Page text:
Wednesday, 28 June 2017

07:52 – It was 50.0F (10C) when I took Colin out at 0620, sunny and calm. Barbara is driving over to West Jefferson this morning to meet two friends from Winston and spend the day walking around town.

Anyone who owns a home knows that if it’s not one thing it’s another. Barbara noticed some water around the base of the water heater. This house is about 10 years old. Water heaters have a service life of 10 to 15 years, and the well water up here is pretty corrosive. So my guess is that we’ll need to replace the water heater. I’ll call Shaw Brothers this morning to see if we can get Herschel out to look at it.

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37 Responses to Wednesday, 28 June 2017

  1. brad says:

    What wears out in a water heater? The heating components are replaceable. The tank is just a chunk of metal, and there’s no reason it shouldn’t be made to last basically forever. To answer my own question: I expect it’s intentional on the part of the manufacturers.

    I ask, because I keep expecting our water heater to fail. It was old when we bought the house 17 years ago. Every few years, we have a plumber come to shovel out all the accumulated stuff that come out of our (very hard) water. But it just sits there and chugs along.

  2. Robert Bruce Thompson says:

    I think it’s a question of the inner tank corroding and getting scale build-up. We had to replace our water heater in Winston once. I think it was original with the house, from 1968 or 1969, so it was almost 20 years old when we bought the house. But Winston city water was extraordinarily soft, so water heaters tended to last a long time. We replaced that one with a US-made model, which was made by the last US manufacturer that was still in business. I suspect they probably went out of business 15 years ago or more.

    Our water is mineral-heavy, particularly nickel, and tends to corrode anything.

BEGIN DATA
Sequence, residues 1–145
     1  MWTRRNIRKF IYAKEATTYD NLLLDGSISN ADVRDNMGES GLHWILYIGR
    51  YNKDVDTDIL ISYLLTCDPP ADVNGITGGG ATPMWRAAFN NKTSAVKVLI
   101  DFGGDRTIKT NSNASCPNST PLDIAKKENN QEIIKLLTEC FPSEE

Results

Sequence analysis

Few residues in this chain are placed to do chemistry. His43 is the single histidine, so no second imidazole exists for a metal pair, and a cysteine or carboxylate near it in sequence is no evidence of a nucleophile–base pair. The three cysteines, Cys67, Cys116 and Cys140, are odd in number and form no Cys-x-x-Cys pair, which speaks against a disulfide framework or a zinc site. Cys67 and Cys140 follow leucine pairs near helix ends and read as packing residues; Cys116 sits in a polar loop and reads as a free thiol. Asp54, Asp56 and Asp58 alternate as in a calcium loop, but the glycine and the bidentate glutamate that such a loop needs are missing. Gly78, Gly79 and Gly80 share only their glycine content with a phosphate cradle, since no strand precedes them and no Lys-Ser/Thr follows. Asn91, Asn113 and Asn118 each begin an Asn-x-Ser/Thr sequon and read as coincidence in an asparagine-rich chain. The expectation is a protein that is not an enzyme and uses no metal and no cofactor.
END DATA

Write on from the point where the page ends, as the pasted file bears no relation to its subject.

3. dkreck says:

    Yet the tanks are glass lined – enameled on the inside. Expansion and contraction probably makes that fail.

  4. pcb_duffer says:

    [snip] here’s no reason it shouldn’t be made to last basically forever. [snip]
    It would be entirely possible to make a water heater tank from high quality stainless steel, and it would last forever +/-. However, it would be very expensive, and doing so would eventually reduce the market for new water heaters.

  5. nick flandrey says:

    don’t know about the electrics, but the gas ones get HOT. The heat eventually changes the metal and they corrode, erode, and fail. LOT of mechanical stresses as the stuff heats and cools. Any little crack is gonna grow under those conditions.

    Ours was due for replacement when we bought the house. 9 years later, it’s still working. Hard to decide if we want to go with instant, or another tank, or a combination. I no longer consider a hot water heater as a backup storage. The water gets contaminated before you know there is a problem, most houses here have them in the attic, so they drain if there is a problem, and I’d rather have an intentional act (storing water) than rely on passive…

    n

  6. Robert Bruce Thompson says:

    Jay Shaw just stopped by to look at it. It’s not the tank leaking, but one of the pipes coming out the top of it. Herschel is stopping out sometime today to fix it.

  7. Harold says:

    Here in the Memphis area it has been an unusually “cool” summer so far. We have not had temps over 90f to date and humidity has been mostly in the comfortable range. Going into July, we expect to see 90f but in the past we have already had 90f+ days by July 1st.
    Worst summer I ever had (in the US) was the summer of 1998 in Oklahoma. We had 30+ days of over 100f. I was commuting 60 miles (each way) in a non air-conditioned car. Air-conditioning at the house froze up several times that summer. I HATE HEAT.
    Then we moved to the UK at the end of 1998, loved the cool, wet, overcast weather compared to Oklahoma. Later transferred to Hong Kong and it’s 10+ months of 88f temps and 88% humidity where I learned to HATE WET HEAT.
    Company went bankrupt so we washed up in New Zealand … BEST CLIMATE EVER. Most homes on the North Island have no heating other than a fireplace if that and no air conditioning because all you need on a “hot” day is a fan.
    Then I lost my mind and returned to the US, ending up in Memphis. Sigh.

  8. Ray Thompson says:

    Then I lost my mind

    You think that makes you special?

    ending up in Memphis

    Never mind, you win.

  9. Greg Norton says:

    Anyone who owns a home knows that if it’s not one thing it’s another. Barbara noticed some water around the base of the water heater. This house is about 10 years old. Water heaters have a service life of 10 to 15 years, and the well water up here is pretty corrosive.